Home arrow XML arrow Page 2 - XML Parsing With SAX and Xerces (part 2)

The Write Stuff - XML

The first part of this article demonstrated the basics of the Xerces XML parser, explaining how it could be used to process XML documents in a non-Web environment. This concluding section closes the circle, taking everything you've learned so far and demonstrating how it can be applied to create dynamic Web pages from static XML documents with Xerces.

TABLE OF CONTENTS:
  1. XML Parsing With SAX and Xerces (part 2)
  2. The Write Stuff
  3. Nailing It To The Wall
  4. When Things Go Wrong
  5. Endnote
By: icarus, (c) Melonfire
Rating: starstarstarstarstar / 1
February 12, 2002

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As in the first part of this article, we'll begin with something simple.

Let's go back to that XML file I created in the first part of this article:

<?xml version="1.0"?> <inventory> <item> <id>758</id> <name>Rusty, jagged nails for nailgun</name> <supplier>NailBarn, Inc.</supplier> <cost>2.99</cost> <quantity>10000</quantity> </item> <item> <id>6273</id> <name>Power pack for death ray</name> <supplier>QuakePower.domain.com</supplier> <cost>9.99</cost> <quantity>10</quantity> </item> </inventory>
Remember that event trail you saw in one of the very first examples? This next example ports that code to work with a Web server.

import org.apache.xerces.parsers.SAXParser; import org.xml.sax.*; import org.xml.sax.helpers.DefaultHandler; import java.io.*; public class MyFourthSaxApp extends DefaultHandler { private Writer out; // constructor public MyFourthSaxApp (String xmlFile, Writer out) { this.out = out; // create a Xerces SAX parser SAXParser parser = new SAXParser(); // set the content handler parser.setContentHandler(this); // parse the document try { parser.parse(xmlFile); out.flush(); } catch (SAXException e) { // something went wrong! } catch (IOException e) { // something went wrong! } } // call at document start public void startDocument() { try { out.write ("<h1>Document begins</h1><br>"); } catch (IOException e) { // do nothing } } // call at element start public void startElement (String uri, String local, String qName, Attributes atts) { try { out.write ("<h2>Element begins: "" + local + ""</h2>"); String AttributeName,AttributeType,AttributeValue = ""; for (int i = 0; i < atts.getLength(); i++) { AttributeName = atts.getLocalName(i); AttributeType = atts.getType(AttributeName); AttributeValue = atts.getValue(AttributeName); out.write ("<h3>Attribute: "" + AttributeName + ""<br>"); out.write ("&nbsp;&nbsp;&nbsp;Type: "" + AttributeType + ""<br>"); out.write ("&nbsp;&nbsp;&nbsp;Value: "" + AttributeValue + ""<br></h3>"); } } catch (IOException e) { // do nothing } } // call when cdata found public void characters(char[] text, int start, int length) { try { String Content = new String(text, start, length); if (!Content.trim().equals("")){ out.write("<h4>Character data: "" + Content + ""<br></h4>"); } } catch (IOException e) { // do nothing } } // call at element end public void endElement (String uri, String local, String qName){ try { out.write("<h2> Element ends: "" + local + ""<br></h2>"); } catch (IOException e) { // do nothing } } // call at document end public void endDocument() { try { out.write ("<h1>Document ends</h1><br>"); } catch (IOException e) { // do nothing } } }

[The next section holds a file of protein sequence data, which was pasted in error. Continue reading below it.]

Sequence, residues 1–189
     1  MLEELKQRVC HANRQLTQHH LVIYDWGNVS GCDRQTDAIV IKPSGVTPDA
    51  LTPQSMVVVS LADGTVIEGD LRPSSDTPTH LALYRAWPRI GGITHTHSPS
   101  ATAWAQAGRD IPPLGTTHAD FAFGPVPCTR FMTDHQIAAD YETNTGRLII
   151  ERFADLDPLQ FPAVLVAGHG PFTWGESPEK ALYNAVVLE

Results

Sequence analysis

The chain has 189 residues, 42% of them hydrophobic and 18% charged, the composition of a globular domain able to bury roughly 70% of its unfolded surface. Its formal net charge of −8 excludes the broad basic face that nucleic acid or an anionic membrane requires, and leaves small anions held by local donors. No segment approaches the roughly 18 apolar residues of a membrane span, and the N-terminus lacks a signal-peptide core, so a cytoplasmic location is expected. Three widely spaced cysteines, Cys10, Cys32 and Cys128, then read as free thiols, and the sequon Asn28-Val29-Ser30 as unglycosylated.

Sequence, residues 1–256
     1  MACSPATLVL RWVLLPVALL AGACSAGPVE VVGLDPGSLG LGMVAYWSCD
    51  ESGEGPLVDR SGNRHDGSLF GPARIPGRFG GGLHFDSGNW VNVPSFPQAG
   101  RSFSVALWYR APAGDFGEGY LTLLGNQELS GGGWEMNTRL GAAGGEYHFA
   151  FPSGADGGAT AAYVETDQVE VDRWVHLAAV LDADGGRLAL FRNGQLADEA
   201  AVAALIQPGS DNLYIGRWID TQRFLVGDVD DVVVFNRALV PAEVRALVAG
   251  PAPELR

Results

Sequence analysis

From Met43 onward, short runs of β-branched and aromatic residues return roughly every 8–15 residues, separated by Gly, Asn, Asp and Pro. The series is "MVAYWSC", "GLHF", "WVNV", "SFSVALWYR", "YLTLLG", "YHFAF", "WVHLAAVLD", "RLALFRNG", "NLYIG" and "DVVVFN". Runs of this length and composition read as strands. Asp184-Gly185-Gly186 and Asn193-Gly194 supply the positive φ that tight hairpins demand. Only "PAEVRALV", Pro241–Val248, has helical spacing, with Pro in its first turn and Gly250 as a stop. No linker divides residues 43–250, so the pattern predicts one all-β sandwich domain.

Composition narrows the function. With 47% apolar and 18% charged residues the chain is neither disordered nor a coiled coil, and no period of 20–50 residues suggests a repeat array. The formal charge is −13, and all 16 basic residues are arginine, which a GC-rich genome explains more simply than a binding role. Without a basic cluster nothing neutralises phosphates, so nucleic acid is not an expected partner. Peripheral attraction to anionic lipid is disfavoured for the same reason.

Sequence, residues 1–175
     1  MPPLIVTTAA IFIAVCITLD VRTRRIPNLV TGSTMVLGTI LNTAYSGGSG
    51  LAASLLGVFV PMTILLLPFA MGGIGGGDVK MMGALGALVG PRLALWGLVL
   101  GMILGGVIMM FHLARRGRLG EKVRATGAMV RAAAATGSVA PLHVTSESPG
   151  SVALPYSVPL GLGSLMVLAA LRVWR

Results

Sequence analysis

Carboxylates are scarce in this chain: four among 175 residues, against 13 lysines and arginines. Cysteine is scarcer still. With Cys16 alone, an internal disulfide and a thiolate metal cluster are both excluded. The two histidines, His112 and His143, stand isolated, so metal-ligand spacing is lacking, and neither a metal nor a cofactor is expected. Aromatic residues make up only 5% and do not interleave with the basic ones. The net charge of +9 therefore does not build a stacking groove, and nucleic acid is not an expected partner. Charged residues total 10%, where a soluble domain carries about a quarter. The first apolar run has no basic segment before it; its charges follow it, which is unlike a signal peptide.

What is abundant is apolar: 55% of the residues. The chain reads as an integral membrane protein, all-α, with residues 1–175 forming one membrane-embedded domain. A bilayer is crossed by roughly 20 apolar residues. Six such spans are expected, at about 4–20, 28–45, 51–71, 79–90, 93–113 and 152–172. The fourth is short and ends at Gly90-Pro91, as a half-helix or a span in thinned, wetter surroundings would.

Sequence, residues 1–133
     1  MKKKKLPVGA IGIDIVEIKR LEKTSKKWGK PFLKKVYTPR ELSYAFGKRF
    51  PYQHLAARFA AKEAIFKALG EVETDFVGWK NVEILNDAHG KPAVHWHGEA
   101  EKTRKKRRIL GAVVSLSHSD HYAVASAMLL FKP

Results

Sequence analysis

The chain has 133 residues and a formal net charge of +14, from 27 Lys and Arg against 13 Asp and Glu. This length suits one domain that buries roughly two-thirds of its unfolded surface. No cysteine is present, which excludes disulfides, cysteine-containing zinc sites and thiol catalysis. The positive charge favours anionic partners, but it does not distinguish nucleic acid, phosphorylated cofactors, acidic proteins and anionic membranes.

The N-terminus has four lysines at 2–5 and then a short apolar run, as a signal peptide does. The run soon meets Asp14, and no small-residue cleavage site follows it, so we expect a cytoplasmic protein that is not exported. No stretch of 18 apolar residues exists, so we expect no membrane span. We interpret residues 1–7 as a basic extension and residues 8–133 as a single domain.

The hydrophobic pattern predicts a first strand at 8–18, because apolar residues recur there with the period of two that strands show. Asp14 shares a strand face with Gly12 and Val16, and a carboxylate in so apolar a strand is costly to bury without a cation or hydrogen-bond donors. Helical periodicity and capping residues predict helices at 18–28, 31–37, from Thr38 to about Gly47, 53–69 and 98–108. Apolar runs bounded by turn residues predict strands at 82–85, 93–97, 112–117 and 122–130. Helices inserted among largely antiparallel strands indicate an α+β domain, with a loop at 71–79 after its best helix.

I don't want to get into the details of the callbacks here - refer to the explanation for the original example if there's something that doesn't seem to make sense - but I will point out some items of interest.

The most important difference between this example and the previous one is the introduction of a new Writer object, which makes it possible to stream output to the browser instead of the standard output device.

private Writer out;
The constructor also needs to be modified to accept two parameters: the name of the XML file, and a reference to the Writer object.

// constructor public MyFourthSaxApp (String xmlFile, Writer out) { this.out = out; // constructor code comes here<sum> }
This Writer object will be used to output HTML code to the browser, thereby enabling the dynamic generation of a Web page - as the following snippets demonstrates:

out.write("<h2>Element begins: "" + local + ""</h2>"); out.write ("<h1>Document ends</h1><br>");
Once this class has been compiled, it can easily be imported and used in a JSP document, thereby immediately making the application Web-friendly.

Here's the code:

<%@ page language="java" import="java.io.IOException" %> <html> <head> </head> <body> <% try { MyFourthSaxApp myFourthExample = new MyFourthSaxApp("/www/xerces/WEB-INF/classes/inventory.xml",out); } catch (Exception e) { out.println("Something bad happened!"); } %> </body> </html>
The output of this example is the HTML equivalent of the output of the previous example. Here's what it looks like:



 
 
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